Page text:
Muscular imbalances are often very common among both athletes and patients. While many are non-symptomatic, the majority of imbalances put athletes at risk for potential injuries. Single Leg squats on an elevated surface, such as a standard bench, can be an effective exercise to train or rehab muscular imbalances in the lower extremity. Simply by watching an athlete perform a single leg squat on a bench you will be able to spot weak points, which often occur at the hips in this exercise (like mine do in the video). Furthermore, this exercise can be used as a eccentric exercise which can be very effective in patients with patellar tendinopathy if dosed appropriately(such as Alfredson protocol 3x15...) and performed with concentric assistance.
Make sure the patient has appropriate balance & strength before attempting this exercise. Instruct the patient to place one foot on the bench while the other foot is off of the bench with the toe pointed in the air. Have the patient cross their arms and keeping their back straight, squat down to the degree of knee flexion indicated.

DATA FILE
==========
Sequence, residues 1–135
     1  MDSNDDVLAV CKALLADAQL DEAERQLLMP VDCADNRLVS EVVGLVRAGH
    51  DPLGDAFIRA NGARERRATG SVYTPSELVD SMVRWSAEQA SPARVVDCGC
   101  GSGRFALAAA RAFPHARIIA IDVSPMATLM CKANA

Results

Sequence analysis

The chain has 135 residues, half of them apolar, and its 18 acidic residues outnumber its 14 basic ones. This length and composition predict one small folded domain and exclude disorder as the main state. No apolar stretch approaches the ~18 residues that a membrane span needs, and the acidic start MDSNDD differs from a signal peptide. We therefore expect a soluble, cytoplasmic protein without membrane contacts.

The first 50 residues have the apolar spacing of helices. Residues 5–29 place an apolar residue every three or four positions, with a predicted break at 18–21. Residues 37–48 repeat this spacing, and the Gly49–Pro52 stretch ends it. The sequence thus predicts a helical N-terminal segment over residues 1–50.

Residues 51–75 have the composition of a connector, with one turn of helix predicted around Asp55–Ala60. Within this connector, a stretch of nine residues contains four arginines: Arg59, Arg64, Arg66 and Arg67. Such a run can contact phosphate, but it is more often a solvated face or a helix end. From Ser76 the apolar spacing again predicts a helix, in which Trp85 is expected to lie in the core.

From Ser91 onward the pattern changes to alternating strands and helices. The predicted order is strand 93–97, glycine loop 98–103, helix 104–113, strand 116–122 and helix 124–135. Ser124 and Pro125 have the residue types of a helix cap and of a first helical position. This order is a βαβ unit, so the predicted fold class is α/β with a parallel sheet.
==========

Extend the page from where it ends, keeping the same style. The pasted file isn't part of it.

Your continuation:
Hamstring strains are among some of the most common injuries in sports. What we know from research is that quite a few hamstring strains result during the terminal phase of gait while running at high speeds. When we test of isometric hamstring strength during evaluations, testing the patient prone at 15 and 90 degrees(hip stabilized at 0 degrees) helps us to differentiate where the most weakness is occurring in knee flexion. Furthermore, because the hamstrings assist in hip extension, isometric strength testing of hip extension with the knee in 0 and 90 degrees of flexion is beneficial when creating treatment plans.
Hamstring walkouts is an exercise that can be very effective in the rehabilitation of hamstring strains. This exercise works the hamstring musculature in multiple ranges of knee flexion while simultaneously holding hip extension. Because the hamstrings assist in hip extension this exercise ensures strength throughout the hamstring.
Instruct the patient to lie hookline. Have them perform a bridge to begin. Cue them to hold that bridge and begin to walk out with their heels slowly. Once they reach near full knee extension instruct them to return, still maintaining the bridge and using their heels to slowly flex their knees.